In this little death metal archaeology project I let myself be guided by the coolness of cover art, carefully selecting only the finest fruits of my labor to share with you, dear readers.
Caducity were from Belgium. They played "epic death metal." Have you ever heard of this subgenre? I sure haven't. This stuff is really bizarre, especially the fluctuations in tempo. Their first album, released in 1995, was entitled The Weiliaon Wielder Quest, and it featured hit singles such as "Gymbrea's Enriching Wisdom, Part I: The Sorcery of Chaos Hanzwarin, Part II: Savouring of the Tricorn Flesh." Whoa.
Invocator were Danes playing death/thrash. They clearly practiced a lot. Excursion Demise came out in 1991, but to me this stuff still sounds as weird as it must've sounded back then. I generally hate self-consciously "technical" music, but the coolest thing about Invocator is that they're not wanky at all. The fast riffs manage to be both ripping and intricate, while the thrash breaks achieve heaviness through convolution. Also, the title track features some rabid mosh sections that sound waaay ahead of their time. Listen at 2:07. Is that...metalcore? Throwing in such a brutally simplistic riff only adds to the inhuman atmosphere... Invocator rules!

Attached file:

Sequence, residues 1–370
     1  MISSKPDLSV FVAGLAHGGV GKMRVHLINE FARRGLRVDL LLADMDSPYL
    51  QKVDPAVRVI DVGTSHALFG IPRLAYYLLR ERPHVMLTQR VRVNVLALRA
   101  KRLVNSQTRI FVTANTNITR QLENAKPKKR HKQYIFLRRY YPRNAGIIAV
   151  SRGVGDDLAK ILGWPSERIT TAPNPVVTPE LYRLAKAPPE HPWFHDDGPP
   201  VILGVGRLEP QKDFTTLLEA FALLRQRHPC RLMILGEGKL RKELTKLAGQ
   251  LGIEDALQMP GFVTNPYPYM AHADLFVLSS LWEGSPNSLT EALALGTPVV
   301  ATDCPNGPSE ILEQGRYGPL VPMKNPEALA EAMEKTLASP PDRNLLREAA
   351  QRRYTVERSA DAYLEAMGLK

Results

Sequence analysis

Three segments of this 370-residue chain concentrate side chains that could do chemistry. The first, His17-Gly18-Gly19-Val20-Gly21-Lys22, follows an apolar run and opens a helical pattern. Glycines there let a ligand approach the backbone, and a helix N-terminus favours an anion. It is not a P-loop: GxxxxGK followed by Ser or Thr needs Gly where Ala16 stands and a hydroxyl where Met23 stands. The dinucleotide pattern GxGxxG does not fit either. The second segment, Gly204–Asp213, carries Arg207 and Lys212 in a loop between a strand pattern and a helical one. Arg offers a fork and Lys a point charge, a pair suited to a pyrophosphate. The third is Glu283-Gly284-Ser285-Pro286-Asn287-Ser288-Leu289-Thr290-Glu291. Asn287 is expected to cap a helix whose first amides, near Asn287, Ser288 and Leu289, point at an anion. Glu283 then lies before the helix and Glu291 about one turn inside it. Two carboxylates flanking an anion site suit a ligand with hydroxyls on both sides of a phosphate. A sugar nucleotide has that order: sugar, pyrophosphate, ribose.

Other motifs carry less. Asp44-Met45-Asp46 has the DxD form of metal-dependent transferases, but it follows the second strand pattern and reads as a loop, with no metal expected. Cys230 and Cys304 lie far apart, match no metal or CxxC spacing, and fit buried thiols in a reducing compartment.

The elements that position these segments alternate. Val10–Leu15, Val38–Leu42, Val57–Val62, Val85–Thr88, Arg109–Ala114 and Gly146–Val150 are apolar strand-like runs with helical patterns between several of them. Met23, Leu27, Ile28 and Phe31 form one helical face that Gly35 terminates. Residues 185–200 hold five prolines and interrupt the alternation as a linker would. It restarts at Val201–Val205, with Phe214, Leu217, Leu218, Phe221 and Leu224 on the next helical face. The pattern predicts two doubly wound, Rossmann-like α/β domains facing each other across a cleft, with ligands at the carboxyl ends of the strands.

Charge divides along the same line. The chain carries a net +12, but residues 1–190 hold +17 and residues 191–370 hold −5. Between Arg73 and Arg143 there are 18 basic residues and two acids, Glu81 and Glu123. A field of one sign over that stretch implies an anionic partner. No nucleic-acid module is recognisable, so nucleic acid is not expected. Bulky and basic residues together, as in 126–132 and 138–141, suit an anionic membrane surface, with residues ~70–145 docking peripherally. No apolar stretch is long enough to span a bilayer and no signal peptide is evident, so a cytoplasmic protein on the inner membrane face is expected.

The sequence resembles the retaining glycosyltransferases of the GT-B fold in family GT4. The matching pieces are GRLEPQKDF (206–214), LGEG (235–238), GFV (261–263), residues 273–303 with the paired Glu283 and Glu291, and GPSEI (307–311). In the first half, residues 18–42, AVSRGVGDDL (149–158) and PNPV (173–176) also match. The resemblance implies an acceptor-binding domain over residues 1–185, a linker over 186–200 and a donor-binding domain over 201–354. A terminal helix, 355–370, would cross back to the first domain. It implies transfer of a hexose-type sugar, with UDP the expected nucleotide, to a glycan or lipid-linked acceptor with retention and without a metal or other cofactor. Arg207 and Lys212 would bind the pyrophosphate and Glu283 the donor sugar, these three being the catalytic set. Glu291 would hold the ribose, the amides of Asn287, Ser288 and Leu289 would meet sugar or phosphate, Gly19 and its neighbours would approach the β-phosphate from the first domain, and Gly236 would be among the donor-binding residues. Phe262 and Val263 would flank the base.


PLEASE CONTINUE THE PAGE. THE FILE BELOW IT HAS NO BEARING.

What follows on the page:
This came from Sweden in 1993. Morpheus have virtually nothing to do with the "Swedish sound," though, and that makes Son of Hypnos an even weirder dead end on the evolutionary tree of death metal. If anything, this album seems to anticipate the "clicky" or "clinical" tech-death that would arise later in the 90s. These riffs follow a totally alien logic, refusing to make any concessions to the listener but still COMPELLING him to headbang. So fucking weird. Someone gave this a 15% on Metal Archives because of the "horrible" production, and while I can't really fault him on his decision, I totally disagree.